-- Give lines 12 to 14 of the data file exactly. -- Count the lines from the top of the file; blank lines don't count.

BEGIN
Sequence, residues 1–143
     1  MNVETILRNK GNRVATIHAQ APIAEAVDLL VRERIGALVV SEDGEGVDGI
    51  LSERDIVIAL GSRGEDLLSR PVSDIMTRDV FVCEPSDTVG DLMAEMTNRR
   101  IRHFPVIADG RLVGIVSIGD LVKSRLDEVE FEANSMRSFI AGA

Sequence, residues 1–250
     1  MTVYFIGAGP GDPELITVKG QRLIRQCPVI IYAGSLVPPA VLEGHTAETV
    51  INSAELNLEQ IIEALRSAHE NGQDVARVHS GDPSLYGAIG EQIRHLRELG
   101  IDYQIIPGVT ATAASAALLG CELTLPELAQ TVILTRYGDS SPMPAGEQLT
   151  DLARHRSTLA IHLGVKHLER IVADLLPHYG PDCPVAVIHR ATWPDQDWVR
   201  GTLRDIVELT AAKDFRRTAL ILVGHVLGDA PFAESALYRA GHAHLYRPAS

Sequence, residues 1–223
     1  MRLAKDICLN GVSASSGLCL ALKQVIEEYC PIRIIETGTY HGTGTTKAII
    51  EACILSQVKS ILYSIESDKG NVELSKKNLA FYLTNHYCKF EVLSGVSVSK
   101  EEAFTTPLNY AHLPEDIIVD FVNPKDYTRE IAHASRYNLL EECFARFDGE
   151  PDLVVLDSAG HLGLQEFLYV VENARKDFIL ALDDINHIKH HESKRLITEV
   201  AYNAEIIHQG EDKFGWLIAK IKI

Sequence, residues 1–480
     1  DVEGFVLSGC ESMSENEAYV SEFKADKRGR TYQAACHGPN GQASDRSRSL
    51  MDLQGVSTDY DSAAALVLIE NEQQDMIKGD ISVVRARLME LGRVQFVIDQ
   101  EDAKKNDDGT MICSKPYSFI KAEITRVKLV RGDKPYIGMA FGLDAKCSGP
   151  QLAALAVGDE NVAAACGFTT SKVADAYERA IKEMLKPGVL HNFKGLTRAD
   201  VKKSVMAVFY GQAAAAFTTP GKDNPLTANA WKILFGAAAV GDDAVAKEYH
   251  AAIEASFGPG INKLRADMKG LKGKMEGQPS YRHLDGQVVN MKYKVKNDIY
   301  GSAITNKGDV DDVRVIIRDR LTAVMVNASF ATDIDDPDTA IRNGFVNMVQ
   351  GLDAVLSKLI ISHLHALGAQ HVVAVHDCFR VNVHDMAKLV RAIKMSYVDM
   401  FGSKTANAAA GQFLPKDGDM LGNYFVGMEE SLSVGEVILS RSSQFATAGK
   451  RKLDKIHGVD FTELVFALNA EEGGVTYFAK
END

     1  MRLAKDICLN GVSASSGLCL ALKQVIEEYC PIRIIETGTY HGTGTTKAII
    51  EACILSQVKS ILYSIESDKG NVELSKKNLA FYLTNHYCKF EVLSGVSVSK
   101  EEAFTTPLNY AHLPEDIIVD FVNPKDYTRE IAHASRYNLL EECFARFDGE